A Stir The Pots Post

Wheat – Long & Wet

by | Nov 1, 2012 | Bread, Fermentation

The other day I got to chatting with baker Eli Colvin of Model bakery about whole grain doughs. He described a dough he was testing, a 100 percent whole wheat. It's a dough with a long autolyse, a poolish of whole wheat, a levain of whole wheat with a total hydration at 112 percent. Oh, yeah!

He explained that the whole wheat absorbs lots of water and the flour he's been using of late is stronger. With his formula in my head, I went ahead to experiment with some store bought King Arthur whole wheat flour. I did an overnight autolyse, made a poolish, and a small amount of levain, all with whole wheat.  As he'd said his tests were a bit acidic, I adjusted some of the proportions of the ferment. In my poolish there was just a trace of yeast (barely a pinch), which was a total of 35 percent and 10 percent of levain with no added yeast to the final dough.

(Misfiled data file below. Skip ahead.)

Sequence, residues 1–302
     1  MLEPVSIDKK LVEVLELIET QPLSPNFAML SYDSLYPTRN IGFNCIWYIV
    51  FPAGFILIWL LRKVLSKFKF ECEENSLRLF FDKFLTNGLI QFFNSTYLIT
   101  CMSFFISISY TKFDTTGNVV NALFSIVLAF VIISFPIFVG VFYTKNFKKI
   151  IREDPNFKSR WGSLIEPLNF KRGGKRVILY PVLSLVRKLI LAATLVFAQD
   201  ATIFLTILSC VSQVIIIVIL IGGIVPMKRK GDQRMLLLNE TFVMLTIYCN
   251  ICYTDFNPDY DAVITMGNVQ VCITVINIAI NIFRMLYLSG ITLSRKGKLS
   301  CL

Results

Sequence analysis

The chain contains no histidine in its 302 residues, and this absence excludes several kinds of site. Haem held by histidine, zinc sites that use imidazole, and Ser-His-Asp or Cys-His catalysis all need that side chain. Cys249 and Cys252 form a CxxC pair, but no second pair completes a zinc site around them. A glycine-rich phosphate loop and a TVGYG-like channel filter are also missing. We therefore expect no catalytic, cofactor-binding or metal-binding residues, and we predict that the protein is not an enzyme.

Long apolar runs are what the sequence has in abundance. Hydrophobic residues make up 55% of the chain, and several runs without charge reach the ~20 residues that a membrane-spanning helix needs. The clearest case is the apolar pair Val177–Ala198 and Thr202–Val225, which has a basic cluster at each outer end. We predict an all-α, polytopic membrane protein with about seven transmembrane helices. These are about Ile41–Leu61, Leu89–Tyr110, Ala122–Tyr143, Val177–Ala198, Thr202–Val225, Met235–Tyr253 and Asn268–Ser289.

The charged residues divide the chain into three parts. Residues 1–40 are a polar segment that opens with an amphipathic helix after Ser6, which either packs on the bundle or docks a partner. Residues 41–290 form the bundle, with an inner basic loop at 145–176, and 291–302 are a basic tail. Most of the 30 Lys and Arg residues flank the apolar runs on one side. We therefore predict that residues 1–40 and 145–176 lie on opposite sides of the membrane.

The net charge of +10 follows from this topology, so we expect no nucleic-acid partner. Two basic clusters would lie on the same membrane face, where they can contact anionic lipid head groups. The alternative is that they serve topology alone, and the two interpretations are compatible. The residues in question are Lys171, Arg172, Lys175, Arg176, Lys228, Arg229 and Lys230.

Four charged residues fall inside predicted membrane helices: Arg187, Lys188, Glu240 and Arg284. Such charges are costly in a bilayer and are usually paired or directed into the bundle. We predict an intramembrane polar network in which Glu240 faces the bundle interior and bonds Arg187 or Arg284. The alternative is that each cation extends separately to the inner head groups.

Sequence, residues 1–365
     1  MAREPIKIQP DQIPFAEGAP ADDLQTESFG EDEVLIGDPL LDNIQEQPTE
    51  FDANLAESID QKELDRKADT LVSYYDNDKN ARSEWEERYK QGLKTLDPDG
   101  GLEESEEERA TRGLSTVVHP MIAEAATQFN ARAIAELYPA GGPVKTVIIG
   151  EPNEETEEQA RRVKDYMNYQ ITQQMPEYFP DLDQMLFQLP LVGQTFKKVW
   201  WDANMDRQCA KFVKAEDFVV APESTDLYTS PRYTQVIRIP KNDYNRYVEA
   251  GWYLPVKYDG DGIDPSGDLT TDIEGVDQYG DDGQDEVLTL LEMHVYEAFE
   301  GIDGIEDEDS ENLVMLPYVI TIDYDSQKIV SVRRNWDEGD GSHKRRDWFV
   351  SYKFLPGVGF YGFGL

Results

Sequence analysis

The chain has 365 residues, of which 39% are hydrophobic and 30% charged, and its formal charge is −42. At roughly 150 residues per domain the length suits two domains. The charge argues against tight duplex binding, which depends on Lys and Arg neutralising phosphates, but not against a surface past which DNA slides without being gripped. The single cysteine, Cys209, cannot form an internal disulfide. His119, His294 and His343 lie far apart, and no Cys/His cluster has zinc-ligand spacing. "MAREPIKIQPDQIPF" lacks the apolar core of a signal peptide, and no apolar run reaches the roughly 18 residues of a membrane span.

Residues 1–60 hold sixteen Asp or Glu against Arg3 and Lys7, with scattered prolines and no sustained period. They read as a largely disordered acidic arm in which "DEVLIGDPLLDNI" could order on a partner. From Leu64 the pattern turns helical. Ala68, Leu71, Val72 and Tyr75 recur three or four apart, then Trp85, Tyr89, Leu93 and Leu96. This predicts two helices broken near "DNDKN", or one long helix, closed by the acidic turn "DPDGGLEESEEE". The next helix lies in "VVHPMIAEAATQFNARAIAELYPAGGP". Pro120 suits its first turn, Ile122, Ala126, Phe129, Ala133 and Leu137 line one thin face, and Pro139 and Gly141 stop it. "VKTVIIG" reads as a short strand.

Whole wheat

The high percentage of water in the autolyse scared me, but the flour absorbed it. Once mixed I gave the dough three folds to strengthen it. The crumb was nice, though I could of shaped the dough tighter, but I was happy with the crumb and flavor is sweet and grassy. Eli described the longer autolyse helps convert the starches to  sugars which give better color as well flavor. I will be incorporating this idea with whole grains into my repertoire.


  1. Sam Fromartz

    Jeremy, very nice crumb especially for a whole wheat. Peter Reinhart uses this long autolyse method in his Whole Grains Bread book.

  2. Paulo Sebastiao

    So, long autolyse, more amylase activity = more sugars to be caramelized and more food for the yeasts. Love the science in baking.


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